VWR Review: Ciltep® Brain Supplement


How I First Heard of the Stuff

When I first heard of the Ciltep® nootropic stack, it was in a Tim Ferriss podcast. He mentioned it in passing, saying something along the lines of, “Yeah, I have to make sure I allot 10 hours of sleep after taking that stuff. I feel like I need to replenish whatever creative juices it drains out of me.” Of course, I was instantly intrigued.

This review, however, is almost a year after I bought the stuff. Though the effects aren’t as fresh in my mind, I still remember the bottom line: I simply don’t like the stuff. This is not me trying to bash the Natural Stacks company and say that all their products are shit, but this stuff simply didn’t live up to the hype.

What it is

The Ciltep® nootropic stack is a proprietary blend of Vitamin B-6 (5mg), Artichoke extract (900 mg), Coleus Forskohlii Extract (20 mg), L-Phenylalanine (500 mg), and Acetyl-L-Carnitine (750 mg).


Now, I know more is not always better and I really try to step away from that (very American) logic, but I was instantly skeptical. I read on a few forums that the fact that it had less ingredients meant (to them) that it would be a more potent nootropic, but in going back to see if I could link you to one of those forums, the first two ones I clicked on yielded negative results. Anyway, I can see where they would draw the conclusion that less is more in the case of nootropics, but for me, this stuff was simply below average compared to other products like Optimind™.

How it Works

According to Natural Stacks’ website, it works by suppressing the PDE4 enzymes in the brain, aka, the ones that are responsible for the breaking down of cAMP molecules, or the little postal works that send and receive information in the brain.


The way this supplement works is by means of long-term potentiation, and artichoke extract is supposedly the safest and most effective way of achieving this effect for PDE4 inhibition.

After understanding more about how it works (I did glance at their site before, but now I am putting two and two together), it seems as though this is more of a supplement you want to take consistently. Granted, I did take it consistently for a few days, but maybe I need to try it for a solid 14 days to give this a fair shot.

What it Did for Me

As I said before, this product wasn’t for me and definitely wasn’t worth the $40 I spent on it; however, it did do SOMETHING.

How I took it

So there are a few caveats with me and how I took this supplement. As I mentioned before, I realize now this may be better for long-term use. That’s something I can’t speak on at the moment and I will update the article when I can. As I also mentioned before in another article, I do take half of the lowest dose of ADHD medication pretty close to every day, and did so on the days I took Ciltep®. Though I am not sure, I believe this could have had a negative interaction and could be the cause of its ineffectiveness.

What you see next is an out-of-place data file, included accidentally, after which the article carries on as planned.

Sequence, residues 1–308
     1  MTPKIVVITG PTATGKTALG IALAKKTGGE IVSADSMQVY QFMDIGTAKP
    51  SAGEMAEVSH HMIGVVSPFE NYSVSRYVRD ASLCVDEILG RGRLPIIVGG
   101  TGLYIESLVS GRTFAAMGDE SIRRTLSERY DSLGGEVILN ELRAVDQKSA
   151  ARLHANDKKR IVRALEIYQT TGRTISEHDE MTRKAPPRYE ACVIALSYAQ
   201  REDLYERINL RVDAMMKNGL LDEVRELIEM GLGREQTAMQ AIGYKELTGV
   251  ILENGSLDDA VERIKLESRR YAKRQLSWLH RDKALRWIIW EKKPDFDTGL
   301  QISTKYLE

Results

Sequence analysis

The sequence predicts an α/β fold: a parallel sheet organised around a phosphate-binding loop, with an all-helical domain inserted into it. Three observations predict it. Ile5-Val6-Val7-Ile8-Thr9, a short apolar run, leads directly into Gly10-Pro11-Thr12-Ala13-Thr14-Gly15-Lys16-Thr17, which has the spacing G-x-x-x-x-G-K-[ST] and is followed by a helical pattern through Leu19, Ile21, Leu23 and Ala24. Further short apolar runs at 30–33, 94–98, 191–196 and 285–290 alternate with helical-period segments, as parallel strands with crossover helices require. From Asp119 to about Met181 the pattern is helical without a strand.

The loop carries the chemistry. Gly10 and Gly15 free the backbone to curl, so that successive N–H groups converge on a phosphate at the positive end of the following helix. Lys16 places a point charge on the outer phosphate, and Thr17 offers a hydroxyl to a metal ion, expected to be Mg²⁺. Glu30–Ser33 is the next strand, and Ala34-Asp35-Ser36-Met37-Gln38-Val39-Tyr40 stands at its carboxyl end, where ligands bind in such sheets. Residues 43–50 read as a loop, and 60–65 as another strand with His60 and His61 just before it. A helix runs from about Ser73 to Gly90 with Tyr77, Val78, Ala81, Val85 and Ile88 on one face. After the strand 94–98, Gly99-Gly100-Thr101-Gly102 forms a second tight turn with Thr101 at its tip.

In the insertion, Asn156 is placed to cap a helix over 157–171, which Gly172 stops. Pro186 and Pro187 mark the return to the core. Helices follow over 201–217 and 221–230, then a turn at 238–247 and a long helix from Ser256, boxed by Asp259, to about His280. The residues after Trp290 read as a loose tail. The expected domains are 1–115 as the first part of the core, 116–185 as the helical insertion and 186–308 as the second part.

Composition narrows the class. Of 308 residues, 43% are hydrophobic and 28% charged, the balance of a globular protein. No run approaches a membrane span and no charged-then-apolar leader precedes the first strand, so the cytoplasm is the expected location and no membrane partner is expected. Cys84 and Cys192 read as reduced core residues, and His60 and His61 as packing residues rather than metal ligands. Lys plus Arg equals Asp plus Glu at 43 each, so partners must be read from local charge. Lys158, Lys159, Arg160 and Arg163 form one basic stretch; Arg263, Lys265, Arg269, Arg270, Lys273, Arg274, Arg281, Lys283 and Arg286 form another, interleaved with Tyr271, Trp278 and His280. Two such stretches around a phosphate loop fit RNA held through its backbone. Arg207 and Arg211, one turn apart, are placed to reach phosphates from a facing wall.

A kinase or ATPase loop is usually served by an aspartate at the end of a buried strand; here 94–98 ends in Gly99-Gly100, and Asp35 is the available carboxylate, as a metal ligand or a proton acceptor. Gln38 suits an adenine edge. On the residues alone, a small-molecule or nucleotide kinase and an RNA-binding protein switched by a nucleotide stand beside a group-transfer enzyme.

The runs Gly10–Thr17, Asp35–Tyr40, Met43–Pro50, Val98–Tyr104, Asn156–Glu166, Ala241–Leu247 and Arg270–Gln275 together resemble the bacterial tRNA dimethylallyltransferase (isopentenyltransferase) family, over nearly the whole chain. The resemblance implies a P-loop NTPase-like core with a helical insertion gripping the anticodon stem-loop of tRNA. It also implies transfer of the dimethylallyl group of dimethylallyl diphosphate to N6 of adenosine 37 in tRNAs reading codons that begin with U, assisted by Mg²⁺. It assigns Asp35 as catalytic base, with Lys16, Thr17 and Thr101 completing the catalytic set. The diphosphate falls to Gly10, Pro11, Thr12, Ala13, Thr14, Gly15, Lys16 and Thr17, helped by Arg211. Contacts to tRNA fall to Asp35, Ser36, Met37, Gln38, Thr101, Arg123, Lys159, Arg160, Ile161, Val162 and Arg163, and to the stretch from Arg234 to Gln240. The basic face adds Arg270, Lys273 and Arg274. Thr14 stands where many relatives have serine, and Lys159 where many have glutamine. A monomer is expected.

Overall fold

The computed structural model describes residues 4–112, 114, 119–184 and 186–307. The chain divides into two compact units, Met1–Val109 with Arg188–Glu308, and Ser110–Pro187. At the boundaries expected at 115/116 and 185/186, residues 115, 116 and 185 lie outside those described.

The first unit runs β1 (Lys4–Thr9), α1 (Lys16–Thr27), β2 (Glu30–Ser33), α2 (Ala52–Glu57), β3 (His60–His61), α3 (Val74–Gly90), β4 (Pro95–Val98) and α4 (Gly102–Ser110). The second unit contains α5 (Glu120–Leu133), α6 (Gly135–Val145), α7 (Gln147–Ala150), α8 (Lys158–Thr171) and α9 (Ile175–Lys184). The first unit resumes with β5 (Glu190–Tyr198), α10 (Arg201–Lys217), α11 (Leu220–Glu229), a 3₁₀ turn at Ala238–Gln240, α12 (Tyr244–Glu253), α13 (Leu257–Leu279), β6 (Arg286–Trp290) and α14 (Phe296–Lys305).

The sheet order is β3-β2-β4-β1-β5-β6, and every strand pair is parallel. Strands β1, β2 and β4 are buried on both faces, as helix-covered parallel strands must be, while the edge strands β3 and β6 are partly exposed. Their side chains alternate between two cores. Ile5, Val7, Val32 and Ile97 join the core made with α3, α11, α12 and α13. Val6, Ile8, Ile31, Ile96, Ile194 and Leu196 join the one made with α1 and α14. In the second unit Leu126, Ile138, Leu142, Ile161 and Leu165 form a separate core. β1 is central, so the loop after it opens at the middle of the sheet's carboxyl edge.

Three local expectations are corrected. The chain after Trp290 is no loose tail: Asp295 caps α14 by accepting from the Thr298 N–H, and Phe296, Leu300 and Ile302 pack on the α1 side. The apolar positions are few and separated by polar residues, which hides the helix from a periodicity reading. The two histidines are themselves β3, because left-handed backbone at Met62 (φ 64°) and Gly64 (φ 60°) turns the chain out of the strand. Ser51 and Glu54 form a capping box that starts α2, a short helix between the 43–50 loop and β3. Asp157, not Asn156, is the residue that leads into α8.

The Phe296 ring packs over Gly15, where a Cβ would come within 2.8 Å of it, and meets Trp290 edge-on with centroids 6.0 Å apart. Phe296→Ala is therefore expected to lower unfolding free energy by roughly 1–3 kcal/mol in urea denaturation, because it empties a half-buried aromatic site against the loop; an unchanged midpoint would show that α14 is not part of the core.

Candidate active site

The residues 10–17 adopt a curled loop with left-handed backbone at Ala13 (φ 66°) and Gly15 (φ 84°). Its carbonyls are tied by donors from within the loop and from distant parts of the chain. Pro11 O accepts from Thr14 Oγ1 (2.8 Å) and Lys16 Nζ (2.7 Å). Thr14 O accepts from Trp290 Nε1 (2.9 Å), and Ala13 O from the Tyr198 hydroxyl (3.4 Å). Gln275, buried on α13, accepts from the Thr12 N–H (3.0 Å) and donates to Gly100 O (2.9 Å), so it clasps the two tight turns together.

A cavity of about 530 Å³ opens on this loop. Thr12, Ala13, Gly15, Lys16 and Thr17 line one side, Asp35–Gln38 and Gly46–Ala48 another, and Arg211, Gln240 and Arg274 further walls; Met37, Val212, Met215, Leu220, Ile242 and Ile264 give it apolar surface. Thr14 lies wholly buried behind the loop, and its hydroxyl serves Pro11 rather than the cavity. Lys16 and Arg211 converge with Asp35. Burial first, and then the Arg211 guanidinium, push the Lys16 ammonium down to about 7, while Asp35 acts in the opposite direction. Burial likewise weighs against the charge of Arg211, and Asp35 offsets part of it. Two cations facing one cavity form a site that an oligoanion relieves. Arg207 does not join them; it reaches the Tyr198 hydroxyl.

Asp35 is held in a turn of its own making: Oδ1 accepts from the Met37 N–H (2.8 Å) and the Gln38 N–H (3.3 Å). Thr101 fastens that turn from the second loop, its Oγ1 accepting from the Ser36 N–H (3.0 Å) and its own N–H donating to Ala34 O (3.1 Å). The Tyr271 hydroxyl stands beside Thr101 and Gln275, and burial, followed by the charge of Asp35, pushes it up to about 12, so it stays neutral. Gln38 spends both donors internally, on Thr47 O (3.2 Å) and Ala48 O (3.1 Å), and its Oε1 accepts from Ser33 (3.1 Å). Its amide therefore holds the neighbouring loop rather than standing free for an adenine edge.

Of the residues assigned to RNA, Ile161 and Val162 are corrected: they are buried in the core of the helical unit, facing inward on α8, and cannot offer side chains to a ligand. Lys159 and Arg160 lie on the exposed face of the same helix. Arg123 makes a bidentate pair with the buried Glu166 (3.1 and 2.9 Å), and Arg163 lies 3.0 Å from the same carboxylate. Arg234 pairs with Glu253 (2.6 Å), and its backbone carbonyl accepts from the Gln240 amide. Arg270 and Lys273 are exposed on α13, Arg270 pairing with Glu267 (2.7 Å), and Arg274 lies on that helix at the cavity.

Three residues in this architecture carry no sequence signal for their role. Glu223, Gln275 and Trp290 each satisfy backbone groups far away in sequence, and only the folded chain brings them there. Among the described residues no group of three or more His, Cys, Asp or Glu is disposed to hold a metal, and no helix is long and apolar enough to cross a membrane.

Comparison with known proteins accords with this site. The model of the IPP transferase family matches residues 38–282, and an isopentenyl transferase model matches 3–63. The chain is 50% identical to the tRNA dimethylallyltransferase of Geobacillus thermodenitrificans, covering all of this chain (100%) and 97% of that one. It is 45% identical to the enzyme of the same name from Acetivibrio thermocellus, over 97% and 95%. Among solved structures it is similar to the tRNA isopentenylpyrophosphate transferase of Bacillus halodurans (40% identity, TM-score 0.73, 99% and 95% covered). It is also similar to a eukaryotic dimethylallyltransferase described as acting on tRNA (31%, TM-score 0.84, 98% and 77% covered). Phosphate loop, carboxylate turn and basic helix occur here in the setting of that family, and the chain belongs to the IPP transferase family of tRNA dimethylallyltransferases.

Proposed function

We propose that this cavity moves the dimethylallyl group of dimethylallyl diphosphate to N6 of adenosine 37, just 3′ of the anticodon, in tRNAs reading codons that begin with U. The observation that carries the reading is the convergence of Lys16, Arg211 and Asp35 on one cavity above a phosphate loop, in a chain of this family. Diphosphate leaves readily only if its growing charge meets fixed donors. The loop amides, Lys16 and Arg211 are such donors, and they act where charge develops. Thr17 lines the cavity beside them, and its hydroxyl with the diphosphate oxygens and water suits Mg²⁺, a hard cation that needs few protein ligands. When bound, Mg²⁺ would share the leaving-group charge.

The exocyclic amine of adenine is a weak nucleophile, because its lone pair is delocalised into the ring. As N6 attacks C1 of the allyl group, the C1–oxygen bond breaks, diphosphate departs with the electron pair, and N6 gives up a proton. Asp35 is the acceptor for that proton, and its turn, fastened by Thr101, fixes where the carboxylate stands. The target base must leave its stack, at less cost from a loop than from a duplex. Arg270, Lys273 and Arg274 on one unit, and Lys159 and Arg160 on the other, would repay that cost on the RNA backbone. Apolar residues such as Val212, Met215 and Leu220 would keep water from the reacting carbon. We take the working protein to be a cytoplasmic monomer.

Another thing about how I took this supplement is I did not take 3 capsules every day I tried it. I did this in-part, due to the fact I was taking other stuff with it, but also because it was expensive and I wanted to see it’s effectiveness at a lower dosage. To be honest, I did not notice a huge difference between 2 and 3 capsules, and that’s why I didn’t go for the recommended dosage. The slight effect seemed to be present in both methods.

How it Felt

Now, on to what it did. The only consolation prize I can say for the stack is that it is definitely a slight mood booster and is undoubtedly doing something chemically. The first time I took it, I found myself talking way more than normal in the car ride to work with my girlfriend at the time. Unfortunately, however, that was very short-lived.


I found a few hours later that I became much more tired than usual. I mean usually I’m not even tired thanks to my medication and my daily morning coffee and good diet, but I was in this weird foggy state that I couldn’t quite understand. “Isn’t this stuff supposed to do the opposite?” I thought to myself. I noticed this feeling on several other days when I took the stuff, and finally just said it’s not for me. I still have close to a third of the stuff left, and I can’t remember the last time I took it.

VWR Bottom Line

The bottom line is that, although I am a unique individual (biochemically speaking) and did not take it as recommended, it did not feel like something I wanted to take for days on end. The fact that Tim Ferriss mentioned how he took it infrequently gave me enough validation that it was okay to do so. Although I would like to try taking it for a month and see if the results change, for now, that remains seated at the bottom of my to-do list.


  • slight mood boost
  • natural ingredients
  • may work well long-term


  • moderately expensive
  • better stuff out there
  • may make you tired

As always, feel free to leave peaceful comments sharing your experiences with the stuff, or simply post questions about it that you would like to have answered. VWR is an open-source health blog designed for people to tweak existing health agendas to make them their own.

Thank you for reading.

Stay Well,

Adam Vincent

Note: I am not affiliated with Ciltep® or Natural Stacks® and do not endorse or receive a commission for their products. In addition, my reviews represent my own beliefs and are not endorsed by Natural Stacks®. This review is simply to inform readers of my own personal experience and to encourage them to share their own. I am also not affiliated with Optimind™, though I do cosign that product as effective.

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